Dogs, no matter their size or color, make the best companions. Newfoundlands, for one, are highly regarded not just for their massive size but also for their gentle and loving characteristics. Ranked as the fifth biggest largest dog breed in the world, they tower over almost everyone, from fellow canines to people, in just a matter of months. These dogs got their name from the Canadian islet of – wait for it – Newfoundland. Their crazy size, coupled their capability of withstanding freezing temperatures and innate strength made them ideal companions for those who needed help in strenuous tasks like pulling fishing nets and hauling wood. They can even save someone from drowning!
Aside from their strength and skills, Newfoundlands are admired for list of other reasons. For one, their kind nature adds to their charm. In fact, their sweet, gentle, and protective demeanor when around children have earned them the nickname “nanny dog”. They’ve got a lot to give, that’s for sure! And these people have made extra room to welcome these gentle, fluffy giants into their lives. Check them out below:
“Got Sebastian a safety vest because people need to know he is #notabear”
“Just a Newfoundland taking his pony for a walk”
“This is a Newfoundland dog. Not a bear.”
“Thought a bear broke in. Nope, just a Newfie.”
“I love it when my Newfie meets a smaller dog”
“150 pounds later and he’s still a lap dog”
Newfoundlands make perfect companions
If you look back in history, you’ll find Newfoundlands there quite a lot. One of the most notable Newfoundlands goes by the name “Seaman”. The Newfoundland accompanied Lewis and Clark in their 8,000-mile trek across America in 1802. Among Seaman’s accomplishments during his time with the explorers was saving them from a rogue buffalo.
Senator Robert Kennedy also kept a Newfoundland, who he named Brumus. The late senator was known to be fond of animals, with Brumus being his favorite. In fact, Brumus often accompanied him in his office when he served as Attorney General during his brother’s administration. Newfies remain to be used as lifeguards and rescue dogs because of their strength and swimming skills. It is important to note that these enormously talented floofs live somewhere between 8 – 10 years.
“When the lap is too small for you but you don’t mind because you are a god boy.”
“16 months apart”
“Honey at 14 weeks having a hug with one of her hoomans, Cameron… don’t think he will be able to pick her up for much longer!”
Caring for them is a great responsibility
Sadly, these gentle giants’ owners often up giving them up for adoption. One of the main reasons behind this is that the original owners find themselves overwhelmed and unprepared for the responsibility of keeping a Newfoundland. For starters, these dogs require more dog food than their other canine counterparts. They can gain up to 100 pounds in the first year of life alone, after all! And if you think running and playing with your Husky is hard work, try playing with a Newfoundland. Their enormous lung capacity and energy will most likely wear you out before they even begin to feel the least bit tired!
“Me and my bestie”
“Tryna live the lap dog life! Dad may be smiling but on the inside he’s saying ‘Please help me, my ribs are getting crushed’.”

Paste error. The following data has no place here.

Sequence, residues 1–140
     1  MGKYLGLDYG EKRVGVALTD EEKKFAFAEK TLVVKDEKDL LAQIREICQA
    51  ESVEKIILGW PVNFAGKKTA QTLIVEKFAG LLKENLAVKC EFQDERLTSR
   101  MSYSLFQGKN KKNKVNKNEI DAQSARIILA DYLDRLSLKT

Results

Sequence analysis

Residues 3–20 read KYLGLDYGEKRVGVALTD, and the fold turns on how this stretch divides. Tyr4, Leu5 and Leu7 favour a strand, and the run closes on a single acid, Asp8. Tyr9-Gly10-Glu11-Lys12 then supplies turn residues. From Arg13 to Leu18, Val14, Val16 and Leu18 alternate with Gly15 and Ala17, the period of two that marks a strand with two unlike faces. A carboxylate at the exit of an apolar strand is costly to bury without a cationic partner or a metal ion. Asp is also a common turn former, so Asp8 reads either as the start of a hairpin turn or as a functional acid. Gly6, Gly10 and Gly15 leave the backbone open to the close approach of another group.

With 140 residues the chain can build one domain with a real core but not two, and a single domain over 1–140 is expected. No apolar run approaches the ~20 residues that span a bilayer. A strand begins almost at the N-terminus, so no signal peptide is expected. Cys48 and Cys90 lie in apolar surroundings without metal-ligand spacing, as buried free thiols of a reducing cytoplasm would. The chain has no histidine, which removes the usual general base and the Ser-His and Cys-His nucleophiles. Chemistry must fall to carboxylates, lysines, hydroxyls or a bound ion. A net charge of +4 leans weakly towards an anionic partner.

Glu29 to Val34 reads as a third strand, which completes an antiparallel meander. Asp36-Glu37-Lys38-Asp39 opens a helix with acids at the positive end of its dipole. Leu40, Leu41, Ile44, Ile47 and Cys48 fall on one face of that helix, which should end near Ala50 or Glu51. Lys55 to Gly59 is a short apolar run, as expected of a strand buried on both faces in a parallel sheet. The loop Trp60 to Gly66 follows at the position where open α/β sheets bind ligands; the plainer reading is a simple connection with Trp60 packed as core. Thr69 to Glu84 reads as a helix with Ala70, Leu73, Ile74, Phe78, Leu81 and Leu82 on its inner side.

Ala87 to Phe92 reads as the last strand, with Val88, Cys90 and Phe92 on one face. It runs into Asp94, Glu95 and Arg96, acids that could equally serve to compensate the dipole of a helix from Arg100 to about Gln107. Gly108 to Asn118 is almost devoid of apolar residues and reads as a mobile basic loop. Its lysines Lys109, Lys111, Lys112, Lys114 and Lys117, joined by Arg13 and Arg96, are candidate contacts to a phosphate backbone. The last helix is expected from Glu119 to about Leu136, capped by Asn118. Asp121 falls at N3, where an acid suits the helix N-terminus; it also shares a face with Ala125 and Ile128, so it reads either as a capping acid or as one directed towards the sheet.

“Look behind yooooou….”
“That’s a Queen-sized bed. and 175lb Newf.”
Grooming them is serious business
Furthermore, keeping them neat is another important aspect owners must pay close attention to. Their exceptionally thick and waterproof coats need to be brushed regularly. They tend to shed pretty heavily so this is a must. And since they have really, really thick fur, Newfoundlands are more amiable to keep in places with naturally cold climates.
Owners who live in warmer areas must specially keep their Newfie where there’s air conditioning or ample water, especially when it’s really hot, to keep them from suffering heat stroke. To prevent their feet from splaying under their immense weight, owners must regularly have their Newfie’s nails trimmed. Those planning to welcome a Newfound into their home must also prepare their home for lots (and we mean A LOT) of drool coupled with their astoundingly adorable antics.
“It’s a bear! It’s a mammoth! No it’s a giant dog!”
“I heard it’s tongue out Tuesday.”
“Buford and Wallace, 11 weeks old”
“A bit too big for the lap.”
“Just laying with my Newfie.”
They may seem intimidating but they’re the biggest sweethearts you’ll ever know
“If there’s snow, the Newfie will sit.”
“My parent’s Newfie pup made it pretty clear that she’s a big girl already and doesn’t like to be lifted up”
“My Newfie used to fall asleep with his head in the toilet”
“Straight Not Giving a F*** 2: Revenge of the Newfie”
“This is beyond a head tilt!”
It’s pretty clear to see why many make extra rooms in their homes and hearts for these gentle giants. They’re bigger than an average person. It’s actually a running joke among owners that they’re actually caring for a bear, not a dog, given their super thick fur coats. Have you ever seen a Newfie in person or do you count one as a part of your family? Tell us about it in the comments!
“Ollie likes to come to tennis practice and help out!”
“My boyfriend’s Newfoundland waiting to go to the beach.”
“Just shaved my Newfoundland. Look at his new hairstyle. What a dude.”
“Just a peek.”
“Ready for roadtrip.”